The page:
34. 34. Application Web Services and Universal Access <ul><li>NaradaBrokering can link lightweight clients (V in MVC) to Web Services holding as a Web service the “guts of an application” (M in MVC) </li></ul><ul><ul><li>This allows customizable user interfaces gotten by mapping between client profile protocols at NB </li></ul></ul><ul><ul><li>Supports collaboration between diverse clients </li></ul></ul>Web Service Client1 Client2 M Agent1 Agent2 Profiles NB P1 P2 P Map P to P1 Map P to P2
    35. 35. NB HHMP RTP SVG Web Service A Topic set A (needs content adapting) Collaboration Personal Server Topic set C Subscribe/Publish to Topic set B,C Web Service B Topic set B (does not need content adaption) Subscribe/Publish to Topic set A,B ( Subscribe to Topic set A instead of mobile devices and adapt the content to give Topic Set C) Subscribe /Publish to Topic set A,C Subscribe/Publish to Topic set A Subscribe/Publish to Topic set B Collaboration Personal Server and EventFlow NB JMS HTTP HTTP/HHMP Interface (for current 3G phone service)
    36. 36. Web Service to Client Pipeline <ul><li>DAT (Data) stage : Data source (facing remote resources) </li></ul><ul><li>M&L (Model and Logic) stage : Semantic processing of the data </li></ul><ul><li>DTX (Data Transformer) stage : Process of filtering the object for heterogeneous devices </li></ul><ul><li>PCL (Presentation client) stage : Generating abstract presentation for each client </li></ul><ul><li>MCL (Minimal client) stage : Actual drawing onto user device </li></ul><ul><li>PDA would “just” have MCL </li></ul><ul><li>Desktop might have PDA and MCL </li></ul><ul><li>Such diagrams can be analysed formally using Petri nets </li></ul>Universal user devices real time multimedia I B M computation unit DAT M&L DTX PCL MCL Database Generating user presentation User event transmit
    37. 37. Event Processing in Web Service to Client Pipeline <ul><li>Events allow Client and service to interact </li></ul><ul><ul><li>Transformations in each module MUST be invertible </li></ul></ul><ul><li>Two directions of dataflow </li></ul><ul><ul><li>Event transmission </li></ul></ul><ul><ul><li>Presentation Generation </li></ul></ul>DAT M&L DTX PCL MCL <?xml vers <!DOCTYPE <!--local DT <svg width= <desc>This User Event Transmission SVG document with the original size of 1200 x 2000 DOM tree of SVG document Rendered Image with CSS for PDAs (resolution of 160 x 160) SVG browser for PDAs Actual Display on PDA Generating Presentation View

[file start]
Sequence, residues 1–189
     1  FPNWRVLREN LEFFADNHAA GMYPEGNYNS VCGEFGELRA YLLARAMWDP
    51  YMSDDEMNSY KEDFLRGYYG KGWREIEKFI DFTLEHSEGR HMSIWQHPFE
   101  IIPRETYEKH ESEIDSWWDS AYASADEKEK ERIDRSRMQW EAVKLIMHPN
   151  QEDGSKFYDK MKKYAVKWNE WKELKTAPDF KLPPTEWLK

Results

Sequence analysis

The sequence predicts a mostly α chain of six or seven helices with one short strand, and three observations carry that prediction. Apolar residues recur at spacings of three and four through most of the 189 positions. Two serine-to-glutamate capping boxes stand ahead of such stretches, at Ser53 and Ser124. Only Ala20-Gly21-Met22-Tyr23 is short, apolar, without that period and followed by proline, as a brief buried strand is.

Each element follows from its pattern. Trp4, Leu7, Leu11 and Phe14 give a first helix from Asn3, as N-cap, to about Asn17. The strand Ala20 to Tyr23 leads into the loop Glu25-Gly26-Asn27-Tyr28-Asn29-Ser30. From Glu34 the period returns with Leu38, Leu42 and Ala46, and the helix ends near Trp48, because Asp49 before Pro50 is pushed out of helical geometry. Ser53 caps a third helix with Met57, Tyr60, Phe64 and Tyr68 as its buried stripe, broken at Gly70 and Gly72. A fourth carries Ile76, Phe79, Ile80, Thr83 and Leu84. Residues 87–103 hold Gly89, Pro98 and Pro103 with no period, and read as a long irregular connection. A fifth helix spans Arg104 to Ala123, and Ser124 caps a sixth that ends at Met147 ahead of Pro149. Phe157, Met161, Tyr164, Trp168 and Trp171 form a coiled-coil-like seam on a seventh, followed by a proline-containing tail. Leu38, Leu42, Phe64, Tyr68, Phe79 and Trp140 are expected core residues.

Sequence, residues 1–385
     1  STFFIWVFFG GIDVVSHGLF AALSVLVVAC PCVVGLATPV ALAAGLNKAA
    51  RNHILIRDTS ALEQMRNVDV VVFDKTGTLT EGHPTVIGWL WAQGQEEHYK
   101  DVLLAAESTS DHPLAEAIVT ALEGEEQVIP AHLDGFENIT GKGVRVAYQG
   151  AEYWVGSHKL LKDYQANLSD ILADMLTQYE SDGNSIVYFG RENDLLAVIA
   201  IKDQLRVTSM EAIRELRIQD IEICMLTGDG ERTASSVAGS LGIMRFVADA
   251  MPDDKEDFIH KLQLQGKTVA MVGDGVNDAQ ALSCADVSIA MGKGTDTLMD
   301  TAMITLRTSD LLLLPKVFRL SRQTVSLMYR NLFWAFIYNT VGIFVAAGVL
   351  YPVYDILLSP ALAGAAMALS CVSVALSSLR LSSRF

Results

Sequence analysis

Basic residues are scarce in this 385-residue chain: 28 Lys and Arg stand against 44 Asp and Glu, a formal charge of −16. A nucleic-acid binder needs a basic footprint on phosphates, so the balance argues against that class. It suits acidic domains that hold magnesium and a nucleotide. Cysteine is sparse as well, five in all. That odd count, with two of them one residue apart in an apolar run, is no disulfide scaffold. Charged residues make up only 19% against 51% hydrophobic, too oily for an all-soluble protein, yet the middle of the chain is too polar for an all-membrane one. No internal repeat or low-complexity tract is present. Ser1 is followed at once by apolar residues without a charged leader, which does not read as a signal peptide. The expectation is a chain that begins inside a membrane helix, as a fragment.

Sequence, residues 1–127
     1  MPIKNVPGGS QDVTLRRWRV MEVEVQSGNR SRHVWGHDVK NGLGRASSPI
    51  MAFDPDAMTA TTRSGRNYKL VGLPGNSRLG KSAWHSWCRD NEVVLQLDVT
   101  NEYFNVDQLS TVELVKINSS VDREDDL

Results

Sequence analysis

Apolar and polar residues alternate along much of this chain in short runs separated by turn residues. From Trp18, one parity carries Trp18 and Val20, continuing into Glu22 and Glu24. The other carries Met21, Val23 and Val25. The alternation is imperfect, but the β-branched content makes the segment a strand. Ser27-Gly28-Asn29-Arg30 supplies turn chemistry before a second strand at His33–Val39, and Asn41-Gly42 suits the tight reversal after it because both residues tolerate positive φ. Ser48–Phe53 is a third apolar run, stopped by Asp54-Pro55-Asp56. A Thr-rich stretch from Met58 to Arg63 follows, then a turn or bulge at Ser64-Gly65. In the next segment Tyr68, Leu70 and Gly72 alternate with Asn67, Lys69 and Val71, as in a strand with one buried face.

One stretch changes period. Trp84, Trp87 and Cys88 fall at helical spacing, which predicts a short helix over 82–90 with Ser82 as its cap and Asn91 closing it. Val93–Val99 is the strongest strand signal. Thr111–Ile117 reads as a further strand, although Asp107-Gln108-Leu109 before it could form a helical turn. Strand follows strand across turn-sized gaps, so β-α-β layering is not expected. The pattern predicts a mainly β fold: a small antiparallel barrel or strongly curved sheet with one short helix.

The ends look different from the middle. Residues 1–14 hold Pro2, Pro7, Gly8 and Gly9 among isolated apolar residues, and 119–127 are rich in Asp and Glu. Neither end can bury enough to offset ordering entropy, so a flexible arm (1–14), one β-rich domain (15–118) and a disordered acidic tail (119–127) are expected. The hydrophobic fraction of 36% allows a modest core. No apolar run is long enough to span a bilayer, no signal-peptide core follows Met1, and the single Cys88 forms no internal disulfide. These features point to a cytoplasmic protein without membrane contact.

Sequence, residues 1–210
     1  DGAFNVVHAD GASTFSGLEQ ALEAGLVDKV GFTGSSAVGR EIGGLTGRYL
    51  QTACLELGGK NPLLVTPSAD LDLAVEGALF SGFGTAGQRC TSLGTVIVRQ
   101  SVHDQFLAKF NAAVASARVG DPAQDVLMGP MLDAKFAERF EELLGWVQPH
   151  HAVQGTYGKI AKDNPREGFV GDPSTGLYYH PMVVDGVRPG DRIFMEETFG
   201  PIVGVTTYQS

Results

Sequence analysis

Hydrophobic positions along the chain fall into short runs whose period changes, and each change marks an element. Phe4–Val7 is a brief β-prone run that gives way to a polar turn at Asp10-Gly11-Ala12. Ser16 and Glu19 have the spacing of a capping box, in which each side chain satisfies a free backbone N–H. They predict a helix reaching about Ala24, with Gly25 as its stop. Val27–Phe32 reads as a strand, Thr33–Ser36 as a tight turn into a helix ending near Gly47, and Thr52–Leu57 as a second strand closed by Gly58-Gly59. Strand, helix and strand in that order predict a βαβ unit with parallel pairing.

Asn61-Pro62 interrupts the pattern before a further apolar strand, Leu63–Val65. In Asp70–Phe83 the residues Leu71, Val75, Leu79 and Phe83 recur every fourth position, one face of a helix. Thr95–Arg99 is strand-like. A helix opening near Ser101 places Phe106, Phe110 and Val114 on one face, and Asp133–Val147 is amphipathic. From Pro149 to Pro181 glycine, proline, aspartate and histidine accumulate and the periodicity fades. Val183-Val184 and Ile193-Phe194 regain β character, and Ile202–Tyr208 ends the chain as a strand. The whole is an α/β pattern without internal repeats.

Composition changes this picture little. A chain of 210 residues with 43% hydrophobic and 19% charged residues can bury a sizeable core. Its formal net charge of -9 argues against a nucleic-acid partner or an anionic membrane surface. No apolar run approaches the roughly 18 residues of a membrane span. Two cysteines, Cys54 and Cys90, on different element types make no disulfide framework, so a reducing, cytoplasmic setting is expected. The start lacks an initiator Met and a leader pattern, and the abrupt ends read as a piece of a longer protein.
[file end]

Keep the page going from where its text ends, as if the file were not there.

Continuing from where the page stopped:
38. 38. Some Simple Principles <ul><li>One must use invertible transformations so that can propagate information to AND from the client </li></ul><ul><li>Don’t ever send a position (x,y) for say a mouse click – rather send position and coordinate system specified by some transformation (as in affine transformations used in graphics) </li></ul><ul><ul><li>Or send semantic meaning of click – e.g. open URL </li></ul></ul><ul><li>Accumulate mouse-move events into arrays or cumulative events to avoid too many messages </li></ul><ul><li>Choose “ cutting point ” between M and V to support interactivity and performance </li></ul><ul><li>Jetspeed is just aggregating lots of different “Views” </li></ul><ul><li>All messages MUST go through messaging system – it must support all needed protocols such as those needed to minimize latency for cellphones </li></ul><ul><ul><li>Messaging system has routing optimization/firewalls built in </li></ul></ul>
    39. 39. NaradaBrokering Brokers ONLY process messages
    40. 40. “ GridMPI” v. NaradaBrokering <ul><li>In parallel computing , MPI and PVM provided “all the features one needed’ for inter-node messaging </li></ul><ul><li>NB aims to play same role for the Grid but the requirements and constraints are very different </li></ul><ul><ul><li>NB is not MPI ported to a Grid/Globus environment </li></ul></ul><ul><li>Typically MPI aiming at microsecond latency but for Grid , time scales are different </li></ul><ul><ul><li>100 millisecond quite normal network latency </li></ul></ul><ul><ul><li>30 millisecond typical packet time sensitivity (this is one audio or video frame) but even here can buffer 10-100 frames on client (conferencing to streaming) </li></ul></ul><ul><ul><li><1 millisecond is time for a Java server to “think” </li></ul></ul><ul><li>Jitter in latency (transit time through broker) due to routing, processing (in NB) or packet loss recovery is important property </li></ul><ul><li>Grids need and can use software supported message functions and trade-offs between hardware and software routing different from parallel computing </li></ul>